Weekly Review
   Where does Rural Oregon fit into the Grand Scheme?  

Traditionally, rural Oregon is dependent on agriculture and timber,  and is in need of legislative help to preserve important services such as health care, and address important issues such as water storage that could help foster economic growth. (Brent Wojahn, Oregonian).

 

Last week, the Oregon House passed HB 3246 creating tax breaks for energy efficiency improvements in the city of Portland...and nowhere else in the State! It was another bill that was focused on the urban...leaving the rural communities in the cold! I appreciated what Rep. Mark Johnson (R-Hood River) said, "The Legislature should be crafting policies that are good for all Oregonians, not just those in the wealthiest part of the State."

 

Mark hit the nail on the head with his comment.  Unfortunately, this measure is far from the only example of why the 2015 Legislative Session is going down in history as one that disproportionately benefits parts of the state that need help the least. "If nothing else, the Legislature at least put some limits on the Portland tax breaks - the pilot program sunsets in 2022. Meanwhile, this session likely will leave many rural Oregonians metaphorically wondering when they can expect the sun to rise again." (Oregonian Board).

 

"We feel like we're not just under the bus, we're under the train and that hurts even more," Rep. Carl Wilson (R-Grants Pass).

 

This session has been defined by the majority and that translates to urban control. The conservative members in Oregon Legislature have become largely a rural representation. Meanwhile, it's not an accident that two of the three Democrats who voted against HB 3246 were from Coos Bay and Clatskanie, who represent predominantly rural districts. The third was a representative from Aloha, who has been one of the most moderate Democrats since he was first elected in 2002.

 

I think the Oregonian Editorial Board says it best...

 

"On the flip side, some of the legislation likely to define this session would play out quite differently in Burns and Brookings than in Portland and Eugene. Consider mandatory sick leave, which was approved by the Senate Wednesday. Most large businesses already offer paid sick leave. They also have staff available to handle new paperwork created by the new mandate and absorb the work when employees are gone. Small Oregon towns have few large businesses - one big reason they are struggling economically. The smaller a company is, the more difficult it becomes to absorb new paperwork or to make last-minute scheduling changes. One positive: The Senate sick-leave bill does exempt businesses with fewer than 10 employees."  

 

                  Staying Under the Radar

SB 632 is one of those measures that could easily fly under the radar screen without detection unless one is paying attention. It just so happens this bill appeared the Joint Ways and Means Subcommittee on Human Services which I a voting member of.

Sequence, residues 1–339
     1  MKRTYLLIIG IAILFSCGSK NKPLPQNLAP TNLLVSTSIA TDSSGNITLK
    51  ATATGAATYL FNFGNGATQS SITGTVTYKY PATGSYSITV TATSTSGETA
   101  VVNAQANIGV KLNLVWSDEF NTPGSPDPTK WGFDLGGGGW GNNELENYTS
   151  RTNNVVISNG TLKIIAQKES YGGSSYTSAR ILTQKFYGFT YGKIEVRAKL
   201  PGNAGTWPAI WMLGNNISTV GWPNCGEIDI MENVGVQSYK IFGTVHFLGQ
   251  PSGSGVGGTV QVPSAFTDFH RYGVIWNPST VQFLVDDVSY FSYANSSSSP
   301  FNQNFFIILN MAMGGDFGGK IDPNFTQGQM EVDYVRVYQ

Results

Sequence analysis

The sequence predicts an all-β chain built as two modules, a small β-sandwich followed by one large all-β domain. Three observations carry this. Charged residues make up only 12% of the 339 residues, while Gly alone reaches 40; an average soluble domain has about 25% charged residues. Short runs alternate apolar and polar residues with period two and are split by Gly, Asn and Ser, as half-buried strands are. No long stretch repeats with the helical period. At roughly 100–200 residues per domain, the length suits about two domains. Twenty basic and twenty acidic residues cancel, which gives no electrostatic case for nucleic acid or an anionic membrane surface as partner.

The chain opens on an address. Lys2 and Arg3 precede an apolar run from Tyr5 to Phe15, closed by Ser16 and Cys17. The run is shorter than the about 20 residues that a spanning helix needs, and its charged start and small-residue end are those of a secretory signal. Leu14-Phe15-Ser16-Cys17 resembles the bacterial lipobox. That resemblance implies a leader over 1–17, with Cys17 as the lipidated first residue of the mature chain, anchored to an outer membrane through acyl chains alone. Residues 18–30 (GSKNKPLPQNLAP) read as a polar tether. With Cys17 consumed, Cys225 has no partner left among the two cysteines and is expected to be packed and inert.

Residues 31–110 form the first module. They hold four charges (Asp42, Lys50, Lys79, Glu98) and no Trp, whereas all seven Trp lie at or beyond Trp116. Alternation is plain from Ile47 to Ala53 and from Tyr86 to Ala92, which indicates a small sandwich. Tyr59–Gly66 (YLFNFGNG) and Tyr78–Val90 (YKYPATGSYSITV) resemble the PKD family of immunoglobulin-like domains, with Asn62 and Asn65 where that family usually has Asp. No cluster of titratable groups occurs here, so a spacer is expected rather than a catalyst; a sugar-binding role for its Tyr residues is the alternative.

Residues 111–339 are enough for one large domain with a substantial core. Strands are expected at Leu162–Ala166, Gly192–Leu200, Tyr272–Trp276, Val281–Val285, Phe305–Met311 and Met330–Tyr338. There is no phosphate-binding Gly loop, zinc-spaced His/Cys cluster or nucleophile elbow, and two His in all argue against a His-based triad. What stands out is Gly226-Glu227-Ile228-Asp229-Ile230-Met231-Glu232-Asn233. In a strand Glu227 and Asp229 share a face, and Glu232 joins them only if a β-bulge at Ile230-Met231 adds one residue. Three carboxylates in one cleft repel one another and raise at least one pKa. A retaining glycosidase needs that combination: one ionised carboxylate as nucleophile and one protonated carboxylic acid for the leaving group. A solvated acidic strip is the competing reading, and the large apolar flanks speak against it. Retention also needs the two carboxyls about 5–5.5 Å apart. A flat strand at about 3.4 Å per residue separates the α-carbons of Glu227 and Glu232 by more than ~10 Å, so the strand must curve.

The bill directs the Department of Human Services (DHS) to establish two pilot programs, one in a rural community and the other in an urban setting to improve the quality and effectiveness of foster care for children. Having been involved in placing several kids in foster homes while serving in the Oregon State Police, I was skeptical of this bill, until I heard some of the testimonies.

 

Rep. Duane Stark was one of those giving testimony in support of the bill. Duane has been married for 10 years and has three children. He and his wife are proud foster and adoptive parents with counseling degrees. His background serves him well having been a Community Service Supervisor, Inner-City At-Risk-Youth Director, and a Supervisor for Residential Psychiatric Treatment Center with foster kids. 

 

Duane shared a story of one of his foster kids who had been bounced from one foster home to another until the little guy arrived in the Stark home. Because of knowing how to deal with serious issues, Duane and his wife were able to work through the issues this little boy brought. Rather than dismiss the child to another foster home, the Starks worked with the boy. Today, two years later, the youngster has grown and become part of his family.

 

Jim Seymour who is the Executive Director of Catholic Community Services in Salem, shared on any given day they serve more than 100 children in Marion, Polk and Yamhill Counties that suffer from serious emotional and behavior problems. He shared the following story:


 

"Ricky is one of the children we serve. When he came to us, at ten years old, he had already been in 40 different foster home placements and had never been able to attend public school. He has been in his current foster home for three years now and is doing well.

 

I'm confident that none of Ricky's prior foster parents wanted to give up on him, but without adequate training and support he simply wore them down. The kind of extra support we provide includes specialized trauma informed care training...Catholic Community Services provides these enhanced services without any State support."

 

That's what SB 632 is all about, giving foster parents tools through DHS, who would provide specialized training to foster parents to better work with foster kids with special needs. This important bill will improve foster care outcomes and reduce costs for Oregon taxpayers, but more importantly it will help provide foster youth with what they need most: safe, stable, and nurturing relationships.

 

I'm glad I signed onto the bill. 


 

Until next week,


 

 

Andy Olson

 

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